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It was about this time last year that political prognosticators, here and elsewhere, started to busy themselves with speculation that 2012 could prove to be a breakout year for Susana Martinez.
We were headed into an election year, they noted. And not just any election year either. This was the beginning of a presidential election year in which the movers and shakers of Martinez’s Republican Party were bent on defeating the incumbent Democratic president.
At the time a whole gaggle Republicans were still in the running for their party’s presidential nomination and it was anybody’s guess who would ultimately prevail.
But vice presidential nominees don’t run for that job. They are picked by the head of the party’s ticket. And before they are picked, they are “mentioned” by pundits and politicos, for whom speculating about potential vice presidential running mates is a quadrennial ritual.
Thus was it that Susana Martinez, first woman to be elected governor in New Mexico, first Hispanic woman to be elected in any state, enjoyed a flurry of “mentioning” as a prospective Republican vice presidential nominee in the 2012 fall election.
For some Republicans, the “demographics” of a Martinez-for-vice-president boomlet were alluring — she’s a woman and she’s Hispanic, two voting groups with which the GOP has a somewhat dicey record.
Moreover, at the start of 2012, New Mexico was still being billed as a “battleground state” and its five electoral votes might be the margin of victory in a tight race.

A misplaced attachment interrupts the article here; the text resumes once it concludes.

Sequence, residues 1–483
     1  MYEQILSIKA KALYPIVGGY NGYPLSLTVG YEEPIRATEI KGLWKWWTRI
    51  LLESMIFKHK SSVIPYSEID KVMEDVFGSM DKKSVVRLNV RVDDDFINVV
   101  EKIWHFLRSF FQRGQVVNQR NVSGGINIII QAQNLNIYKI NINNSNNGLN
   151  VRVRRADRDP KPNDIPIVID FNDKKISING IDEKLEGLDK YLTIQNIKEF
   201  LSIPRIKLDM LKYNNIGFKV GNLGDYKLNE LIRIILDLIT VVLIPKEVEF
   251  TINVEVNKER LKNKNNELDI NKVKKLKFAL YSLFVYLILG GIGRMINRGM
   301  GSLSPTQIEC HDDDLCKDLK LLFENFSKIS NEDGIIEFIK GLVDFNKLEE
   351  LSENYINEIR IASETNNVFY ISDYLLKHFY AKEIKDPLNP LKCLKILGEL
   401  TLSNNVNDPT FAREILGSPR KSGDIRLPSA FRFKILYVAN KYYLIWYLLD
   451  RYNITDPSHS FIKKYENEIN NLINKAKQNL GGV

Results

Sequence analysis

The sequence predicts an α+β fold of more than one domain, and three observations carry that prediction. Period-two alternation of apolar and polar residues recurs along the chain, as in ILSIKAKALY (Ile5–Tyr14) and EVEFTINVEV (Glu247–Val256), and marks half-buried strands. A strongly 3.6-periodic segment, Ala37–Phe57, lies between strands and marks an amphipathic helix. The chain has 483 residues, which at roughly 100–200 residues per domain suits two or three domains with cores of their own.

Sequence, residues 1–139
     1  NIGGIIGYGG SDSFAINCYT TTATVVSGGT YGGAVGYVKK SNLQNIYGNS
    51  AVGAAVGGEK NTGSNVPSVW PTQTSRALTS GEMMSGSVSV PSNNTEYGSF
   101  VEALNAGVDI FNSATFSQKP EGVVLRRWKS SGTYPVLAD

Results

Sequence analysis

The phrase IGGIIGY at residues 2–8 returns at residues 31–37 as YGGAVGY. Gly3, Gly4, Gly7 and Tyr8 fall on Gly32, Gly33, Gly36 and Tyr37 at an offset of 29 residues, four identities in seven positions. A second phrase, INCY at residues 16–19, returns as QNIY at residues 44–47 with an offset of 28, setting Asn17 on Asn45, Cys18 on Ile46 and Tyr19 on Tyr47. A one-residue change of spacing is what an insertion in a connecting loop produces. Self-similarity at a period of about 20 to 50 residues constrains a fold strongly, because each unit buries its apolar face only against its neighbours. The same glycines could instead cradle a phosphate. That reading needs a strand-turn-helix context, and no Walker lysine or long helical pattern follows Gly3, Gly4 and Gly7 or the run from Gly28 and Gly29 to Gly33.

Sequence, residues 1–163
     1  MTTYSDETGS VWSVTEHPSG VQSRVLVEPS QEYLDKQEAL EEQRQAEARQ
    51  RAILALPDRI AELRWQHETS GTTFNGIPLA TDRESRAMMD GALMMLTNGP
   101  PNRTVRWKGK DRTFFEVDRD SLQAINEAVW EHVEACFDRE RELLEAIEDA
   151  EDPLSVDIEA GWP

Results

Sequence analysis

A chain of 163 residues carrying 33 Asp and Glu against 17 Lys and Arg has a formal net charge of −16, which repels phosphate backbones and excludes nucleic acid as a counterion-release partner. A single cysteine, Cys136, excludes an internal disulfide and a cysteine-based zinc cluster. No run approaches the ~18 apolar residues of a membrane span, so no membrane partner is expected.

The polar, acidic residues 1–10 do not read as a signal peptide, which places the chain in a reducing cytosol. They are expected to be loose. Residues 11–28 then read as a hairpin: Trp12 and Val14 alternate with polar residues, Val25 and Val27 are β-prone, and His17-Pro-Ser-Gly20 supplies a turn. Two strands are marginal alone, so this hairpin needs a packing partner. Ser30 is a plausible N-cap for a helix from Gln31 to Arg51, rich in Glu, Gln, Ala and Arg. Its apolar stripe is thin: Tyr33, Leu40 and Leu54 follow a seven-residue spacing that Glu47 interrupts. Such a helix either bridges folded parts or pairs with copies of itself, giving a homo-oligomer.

Now, in all honesty, it was a stretch to believe a Susana Martinez vice presidential nomination had a prayer, and to the governor’s credit she quickly shot all such speculation down.
Nor, as speculation goes, was it a lucid calculation.
Even if Martinez had wanted the No. 2 spot on the GOP ticket this year, the odds of her getting it were slim. Only four years earlier another woman who had yet to complete the second year of her first term as governor of a western state had been the Republican vice presidential nominee, and few GOP big shots were disposed to consider any kind of variation on the Sarah Palin theme.
Neither, for that matter, was New Mexico ever a “battleground state” in this year’s presidential contest.
From the moment it became clear Mitt Romney would be the Republican standard bearer against the Democratic incumbent, President Obama, New Mexico was comfortably in the Obama column.
Even if Romney had made Martinez his running mate on the 2012 Republican ticket, it’s unlikely New Mexico would suddenly have become up-for grabs.
Romney didn’t carry either of his “home states” — Michigan, where he was born and raised, or Massachusetts, where he was a one-term governor. Paul Ryan, the Wisconsin congressman who was Romney’s vice presidential running mate, was no help in even carrying his own hometown.
What reason is there to assume the GOP ticket would have fared any better in New Mexico with Gov. Martinez in the No. 2 spot?
A number of governors or former governors have become president in recent U.S. history, among them Jimmy Carter, Ronald Reagan, Bill Clinton and George W. Bush. None made it to the White House, however, because they wisely chose another governor from a “battleground” state as their running mate.
Which is not to suggest that Susana Martinez’s time won’t come. Only recently, Fox News, Republicans’ favorite news “source,” interviewed the governor about her interest in a 2016 presidential bid.
NM News Service